“I was coaching a fifth- and sixth-grade team, and basically, it was made up of a bunch of kids that played AAU ball on their elementary team,” Anderson said. “So the very first day of practice, we had to penalize one of the best players for bullying, for being mean to one of the other kids on the bus. We kicked them out of practice, and it changed things.”

Anderson made sure the players who weren’t the stars on that squad had a blast. He said the team turned out to be like a family.

The three oldest of Anderson’s four daughters have played golf at North. The oldest two, Sydney and Holly, are now playing at Ball State, and Annie is a sophomore for the Bull Dogs. Holly Anderson was the medalist in last year’s high school state tournament.

Chris Anderson said North girls golf coach Scott Seavers chooses to take the high road instead of being win-at-all costs.

“We’ve all been on teams where that maybe wasn’t the case, so I think that’s maybe what pushed my girls into golf,” he said. “It’s about you and how you act and overcoming adversity. Golf is a game where you don’t cheat, or you don’t shortcut. That’s why we really like golf. We’ve been in some basketball situations since they were little where it was not the case, and it kind of makes the team sports be a little less appealing. It just really goes to show how important a coach is. Even as coaches, we’re just people.”

Lisa McCarter has had two boys play football at East, and she has seen that the program emphasizes the overall person. She said her kids learned how to respect others, how to earn respect, how to listen to ways to improve and play the next play.

McCarter is president of the Olympians’ Quarterback Club, which feeds players pasta dinners on Thursday evenings. She said the players are all polite and they all say ‘Thank you.’ She said they don’t act like they are entitled, and attitude that comes from the top down.

“One of our mottos at East is ‘Do what champions do.’ That’s not so much about winning, but working hard and preparing and executing your plan and looking to those that are doing the right thing and trying to emulate them,” McCarter said. “Just being part of a team and learning how to put the goals of your team in front of your personal goals is part of developing character.”

Schools can participate

The IHSAA Foundation is shepherding The InSideOut Initiative to member schools, giving them an opportunity to participate and go through the training. There is no mandate for participation. Schools get to decide.

The group had a kickoff event Aug. 25 at Lucas Oil Stadium. Although the Columbus athletics directors could not attend since it was the night of the North-East football game, both Hester and East athletics director Pete Huse indicated they would be willing to participate.

“We certainly stress that we do not want to win at all costs,” Huse said. “We want to follow all the rules. I think the guys and gals that do that are the most successful. Usually when there’s a coach out there that’s a Hall of Famer, they probably already do most of these things. The programs that struggle, I think (a win-at-all-costs attitude is) one of the reasons they do struggle.”

Olympians football coach Bob Gaddis is the executive director for the Indiana Football Coaches Association. Because of the timing of the initiative coinciding with the beginning of the football season, he has not officially addressed it in meetings with the IFCA membership.

Gaddis said the amount of time and money that youth sports is demanding is making it tough for kids to be involved in multiple sports.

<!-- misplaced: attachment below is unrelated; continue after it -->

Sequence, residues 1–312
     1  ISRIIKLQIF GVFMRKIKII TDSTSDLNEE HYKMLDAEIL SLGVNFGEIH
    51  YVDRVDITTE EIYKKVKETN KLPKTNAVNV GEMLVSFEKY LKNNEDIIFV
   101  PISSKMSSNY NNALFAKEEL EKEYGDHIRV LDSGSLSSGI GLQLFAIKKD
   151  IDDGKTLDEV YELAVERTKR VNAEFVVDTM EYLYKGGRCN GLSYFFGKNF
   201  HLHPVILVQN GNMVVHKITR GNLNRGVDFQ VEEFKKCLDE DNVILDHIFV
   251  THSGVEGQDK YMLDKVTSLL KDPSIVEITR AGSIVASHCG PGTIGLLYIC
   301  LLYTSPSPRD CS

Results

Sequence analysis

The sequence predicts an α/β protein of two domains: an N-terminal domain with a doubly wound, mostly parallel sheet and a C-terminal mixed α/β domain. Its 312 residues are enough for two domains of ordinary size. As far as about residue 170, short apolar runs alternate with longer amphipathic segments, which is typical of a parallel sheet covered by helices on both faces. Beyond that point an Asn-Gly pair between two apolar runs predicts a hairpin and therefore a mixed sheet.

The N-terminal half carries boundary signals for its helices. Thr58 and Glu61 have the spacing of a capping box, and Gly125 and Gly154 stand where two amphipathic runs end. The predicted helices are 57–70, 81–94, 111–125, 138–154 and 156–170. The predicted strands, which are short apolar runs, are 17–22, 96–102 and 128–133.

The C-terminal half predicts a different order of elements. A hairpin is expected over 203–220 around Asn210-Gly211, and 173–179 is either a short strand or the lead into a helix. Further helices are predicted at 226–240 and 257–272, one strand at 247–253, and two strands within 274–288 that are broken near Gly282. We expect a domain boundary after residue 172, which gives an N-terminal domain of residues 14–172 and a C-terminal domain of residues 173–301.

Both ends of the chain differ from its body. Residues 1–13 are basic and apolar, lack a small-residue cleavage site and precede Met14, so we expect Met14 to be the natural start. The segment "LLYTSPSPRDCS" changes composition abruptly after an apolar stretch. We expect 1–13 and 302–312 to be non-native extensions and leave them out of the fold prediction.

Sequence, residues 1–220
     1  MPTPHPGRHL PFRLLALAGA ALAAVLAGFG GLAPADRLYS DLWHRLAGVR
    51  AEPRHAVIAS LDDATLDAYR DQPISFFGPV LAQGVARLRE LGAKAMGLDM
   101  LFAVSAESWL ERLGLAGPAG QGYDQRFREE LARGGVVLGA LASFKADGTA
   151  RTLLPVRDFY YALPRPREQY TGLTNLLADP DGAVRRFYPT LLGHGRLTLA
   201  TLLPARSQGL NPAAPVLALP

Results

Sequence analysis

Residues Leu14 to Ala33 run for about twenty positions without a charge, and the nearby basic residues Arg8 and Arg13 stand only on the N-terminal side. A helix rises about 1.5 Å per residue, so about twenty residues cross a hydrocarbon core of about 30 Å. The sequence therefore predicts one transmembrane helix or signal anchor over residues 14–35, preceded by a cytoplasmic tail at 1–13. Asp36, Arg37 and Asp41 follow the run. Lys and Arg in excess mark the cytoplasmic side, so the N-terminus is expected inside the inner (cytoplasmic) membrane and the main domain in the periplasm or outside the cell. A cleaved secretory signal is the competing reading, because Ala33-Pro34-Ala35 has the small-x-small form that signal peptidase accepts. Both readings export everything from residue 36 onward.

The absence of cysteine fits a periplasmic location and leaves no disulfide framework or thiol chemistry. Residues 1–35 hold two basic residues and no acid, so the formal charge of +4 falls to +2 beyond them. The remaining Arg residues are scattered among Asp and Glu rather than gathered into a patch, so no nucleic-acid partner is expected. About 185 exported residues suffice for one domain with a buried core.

“What they want is the full-rounded student-athlete,” Gaddis said. “When we talked about these type of things with the IHSAA, we backed off the amount of time you can spend with kids in the summertime (in football). I know the IHSAA was very appreciative of that and used that as a model for other sports.”

That includes girls sports.

Last month, North volleyball coach Caitlin Greiner and East volleyball coach Stacie Pagnard and assistant Terry Sweasy put aside their teams’ rivalry and combined to form the Columbus Volleyball Academy.

“My goal isn’t just to create good volleyball players, but good girls, good human beings and adults,” Greiner said. “Everybody wants to win, but (the InSideOut Initiative) teaches the girls time management, it teaches them to go outside their comfort zone, it teaches what their maximum threshold can be on mental and physical levels. Being a good coach, yes, it’s motivating the girls. But if I don’t practice what I preach, how can I ask them to respect me if I’m not a good role model for them?”

Pagnard went into coaching because both of her parents were coaches. Her mom was a volleyball and basketball coach, and her dad was a head basketball and assistant football and baseball coach.

Pagnard said some of her role models growing up were her parents’ players.

“I was able to witness first-hand how impactful coaches can be in their players’ lives,” Pagnard said. “A lot of times, education gets a bad rap. But if you have the mindset, which is what the IHSAA is trying to create, of being more than Xs and Os, that’s what you need to have.

“How many kids do you stay in contact with that played 10 years ago? How many of their weddings have you gone to? I think that’s why the IHSAA is doing this.”

Participation numbers

The overall number of participants in high school sports increased to 7,963,535 in the 2016-17 school year, an increase of 75,971 from the previous year. That is the largest one-year jump since the 2000-01 High School Athletics Participation Survey conducted by the National Federation of State High School Associations.

Thanks to increases in all of the top 10 participatory sports, the number of girls participating reached an all-time high of 3,400,297. The increase in girls sports participation was the highest in 16 years.

Basketball remains the sport played by the most high schools, followed by outdoor track and field. In terms of number of partipants, football is the most popular boys sport, followed by track and field; while track and field and volleyball are the most popular girls sports.

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Ted Schultz is sports editor for The Republic. He can be reached at tschultz@therepublic.com or 812-379-5628.